Is being offensive always wrong?

There are some people in the world who seem to enjoy offending others. I won’t give you any examples, as you probably know some of these sorts of people yourselves. People at work cause offense, people on the radio or television, or people with YouTube channels or blogs, or something called ‘facebook’ or ‘twitter’…. I don’t think it is good to set out deliberately to offend people — that is, to have ‘offending people’ as your main reason for acting or speaking in certain ways. That sort of attitude is nasty. Giving offence in that sense is wrong.

Nevertheless, I do think that ‘taking offence’ can have its own problems. I mean, sometimes the truth can be offensive. By ‘truth’ I mean objective ‘outside-of-me’ reality; true-truth. And true-truth is particularly offensive to people who are wedded to the idea that ‘truth’ is what they make it to be. When people decide what is ‘ok’ for themselves; when people create their own moral universe (or choose for themselves one of many moral ‘universes’), true-truth will be terribly offensive to them.

Thinking about my last paragraph, and what the Bible say about human-beings in general, it seems to me that every human being (except Jesus Christ) has a problem with true-truth.

Jesus Christ, the only person ever to live a completely good life, could not help causing offence, but the fault was not his. The fault was with those who were offended by him.

Jesus did not come into the world to cause offense; rather he came deliberately to save his people from their sins. In this context, we might say that ‘sin’ is the practical out-workings of the attitude that we have a right to determine our own moral universe.

Jesus’ impeccably good life is a standing condemnation (there, I said it) of our habitually bad lives. When he spoke about our self-righteous religiosity (our determination to make of our own moral universes whatever we might want them to be), we are offended. We can’t help it. We don’t like our sins being labelled for what they really are. We are offended by the idea that we have wronged our Creator. We are offended by the truth that we actually have a Creator. We are offended by the idea that we need to be saved from ourselves and that the Creator (the one we offend by our sin) is the only one who can save us.

As a race, our thinking is completely messed up. But contrary to theories ancient and modern, education will not fix our poor thinking. Only grace will. By this I mean only the work of our Creator who came to us in the person of Jesus Christ can and will save. His work on behalf of sinful people alone saves them from sin and its unpleasant consequence.

When Jesus lived his sinless life, he lived it to replace the bad lives of sinners. When Jesus died on a cross — unjustly condemned by sinners as if he were the worse of sinners — he took the place of sinners who were justly condemned. He took their punishment for them. When Jesus came back to life from the dead, he showed that his life was in fact blameless, and he showed that the sins of sinners, which he bore, now no longer condemn. He paid their debt for them.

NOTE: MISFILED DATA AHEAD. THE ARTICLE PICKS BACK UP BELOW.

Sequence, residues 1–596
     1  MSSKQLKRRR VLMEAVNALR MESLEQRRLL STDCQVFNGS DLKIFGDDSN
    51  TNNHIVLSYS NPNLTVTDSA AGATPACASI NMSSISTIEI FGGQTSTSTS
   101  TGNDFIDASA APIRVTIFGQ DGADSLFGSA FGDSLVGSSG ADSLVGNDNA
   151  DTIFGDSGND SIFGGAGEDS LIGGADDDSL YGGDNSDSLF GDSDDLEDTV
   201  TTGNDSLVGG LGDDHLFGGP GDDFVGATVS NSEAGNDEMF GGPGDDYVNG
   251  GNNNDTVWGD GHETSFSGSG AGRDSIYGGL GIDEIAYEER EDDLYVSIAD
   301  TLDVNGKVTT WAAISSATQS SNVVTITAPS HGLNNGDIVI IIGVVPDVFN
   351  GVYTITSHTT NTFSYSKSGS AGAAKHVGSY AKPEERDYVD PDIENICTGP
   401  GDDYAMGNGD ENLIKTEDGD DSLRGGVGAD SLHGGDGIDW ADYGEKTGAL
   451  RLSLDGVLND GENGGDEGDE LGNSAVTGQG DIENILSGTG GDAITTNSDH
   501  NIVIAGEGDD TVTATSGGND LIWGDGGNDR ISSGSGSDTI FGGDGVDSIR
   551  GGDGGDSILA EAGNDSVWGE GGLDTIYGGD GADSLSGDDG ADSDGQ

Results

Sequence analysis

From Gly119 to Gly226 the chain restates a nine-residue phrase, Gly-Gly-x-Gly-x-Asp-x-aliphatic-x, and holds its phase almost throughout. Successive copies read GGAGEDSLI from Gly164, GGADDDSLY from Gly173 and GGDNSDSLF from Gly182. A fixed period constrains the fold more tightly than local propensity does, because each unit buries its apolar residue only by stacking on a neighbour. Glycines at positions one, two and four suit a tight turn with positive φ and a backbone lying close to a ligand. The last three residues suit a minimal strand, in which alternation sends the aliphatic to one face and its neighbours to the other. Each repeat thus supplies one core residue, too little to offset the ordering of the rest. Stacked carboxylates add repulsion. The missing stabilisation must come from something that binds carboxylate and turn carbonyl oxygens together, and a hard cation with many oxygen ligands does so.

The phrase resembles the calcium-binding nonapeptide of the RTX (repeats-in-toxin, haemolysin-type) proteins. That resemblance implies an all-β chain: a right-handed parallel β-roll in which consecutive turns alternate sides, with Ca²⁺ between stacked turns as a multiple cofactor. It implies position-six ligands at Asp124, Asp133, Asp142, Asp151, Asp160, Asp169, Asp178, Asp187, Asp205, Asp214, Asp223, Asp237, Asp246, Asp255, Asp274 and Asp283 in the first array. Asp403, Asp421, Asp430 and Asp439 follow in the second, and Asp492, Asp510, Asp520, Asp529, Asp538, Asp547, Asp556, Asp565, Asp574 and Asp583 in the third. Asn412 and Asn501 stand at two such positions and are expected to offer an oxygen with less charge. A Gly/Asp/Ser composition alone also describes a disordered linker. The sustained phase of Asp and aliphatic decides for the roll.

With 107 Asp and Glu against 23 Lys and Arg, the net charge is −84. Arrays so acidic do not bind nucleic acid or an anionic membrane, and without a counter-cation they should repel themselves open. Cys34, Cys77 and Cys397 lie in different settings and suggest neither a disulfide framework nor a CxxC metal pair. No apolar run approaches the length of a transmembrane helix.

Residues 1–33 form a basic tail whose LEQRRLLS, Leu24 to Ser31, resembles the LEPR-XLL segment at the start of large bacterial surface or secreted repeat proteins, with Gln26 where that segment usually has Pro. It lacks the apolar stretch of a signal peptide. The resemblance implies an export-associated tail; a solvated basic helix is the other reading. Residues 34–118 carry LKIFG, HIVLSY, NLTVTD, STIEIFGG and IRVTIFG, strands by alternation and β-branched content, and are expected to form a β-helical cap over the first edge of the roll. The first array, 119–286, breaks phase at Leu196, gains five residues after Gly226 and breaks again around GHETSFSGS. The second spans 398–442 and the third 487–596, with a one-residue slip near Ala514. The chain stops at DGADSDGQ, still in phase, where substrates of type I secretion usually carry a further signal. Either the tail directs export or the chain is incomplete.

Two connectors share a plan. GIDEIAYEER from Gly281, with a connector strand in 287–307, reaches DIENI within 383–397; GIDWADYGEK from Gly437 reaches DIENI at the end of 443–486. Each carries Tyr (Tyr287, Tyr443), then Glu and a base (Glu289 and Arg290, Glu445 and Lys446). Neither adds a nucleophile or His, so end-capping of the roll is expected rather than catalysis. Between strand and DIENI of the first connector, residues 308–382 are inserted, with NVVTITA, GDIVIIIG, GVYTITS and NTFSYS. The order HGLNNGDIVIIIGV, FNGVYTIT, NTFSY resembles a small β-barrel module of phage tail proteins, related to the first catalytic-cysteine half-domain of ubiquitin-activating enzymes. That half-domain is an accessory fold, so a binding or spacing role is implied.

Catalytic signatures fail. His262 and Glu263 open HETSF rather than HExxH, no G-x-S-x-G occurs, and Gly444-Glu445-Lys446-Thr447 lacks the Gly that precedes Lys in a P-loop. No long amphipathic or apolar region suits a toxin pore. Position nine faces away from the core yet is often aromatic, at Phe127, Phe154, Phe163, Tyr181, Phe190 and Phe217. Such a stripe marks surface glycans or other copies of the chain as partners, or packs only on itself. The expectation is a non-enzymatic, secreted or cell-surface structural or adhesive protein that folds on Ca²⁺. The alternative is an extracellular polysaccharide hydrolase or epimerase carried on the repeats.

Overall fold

Jesus’ message is that anyone who trusts Him will be saved because those who trust him get the benefit of his good life, his death and his rising from the dead. A person who trusts Jesus is regarded by God as sinless. People who trust Jesus are regarded as having died for their sins and now have no case to answer. Those who trust Jesus will be raised to life again, never to die again, because Jesus is raised from the dead. In other words, because of Jesus, those who trust him don’t get what we all deserve but get what only Jesus deserves. In Jesus the love of God comes to sinful people like us.

Jesus is that one who gives sinners-like-us repentance. Repentance is a gracious gift from God. It is the change of mind we need. It enables us to see things as they really are; to see and embrace true-truth. It enables us to understand the good news about Jesus — who he is, what he has done, and what that means for us — and to trust ourselves to him. Jesus deals with our offence and cures our tendency to take offence at true-truth.

1 Peter 4:1-11 (Part 1)

Part 1

It might do to recall where we’ve come from. The Lord Jesus Christ changes everything:

Peter wrote to strangers and pilgrims who had lost everything, yet have everything in Christ.

  • New birth/new life because of the resurrection of Christ
  • Un-losable inheritance kept in heaven for them.
  • Once not a people but now the people of God
  • Called to do good in the world (making Christ known) even if they suffer for it.
  • Christ as suffered for them, they willingly endure suffer for him.
  • Submitting to lawful authority is a big part of Christian’s way of life.
  • Jesus’ people can do with confidence because Lord Jesus Christ is in control of everything.

Peter now spells out a few more implications of the good news of Jesus Christ.

Jesus changes everything – particularly how we are to think.

We are to be dead to old ways, alive to new ways (Rom 6 and Eph. 6), always grounded on Gospel.

  • Christ’s death for us means ‘putting old ways’ to death.
  • The Christian’s hope cannot be dented by mocking, or death or judgement.
  • Our present suffering is not forever, so we can use our remaining time well.

Christ’s death means putting old ways to death:

Therefore, since Christ has suffering for us in the flesh, we also should arm ourselves with this same mind, because the one who has suffered in the flesh has been released from sin.

To suffer in the flesh means to die – the reference here is particularly to the death of Jesus Christ.

‘Has ceased’ with regard to sin: This doesn’t mean the our personal death deals with our own sin.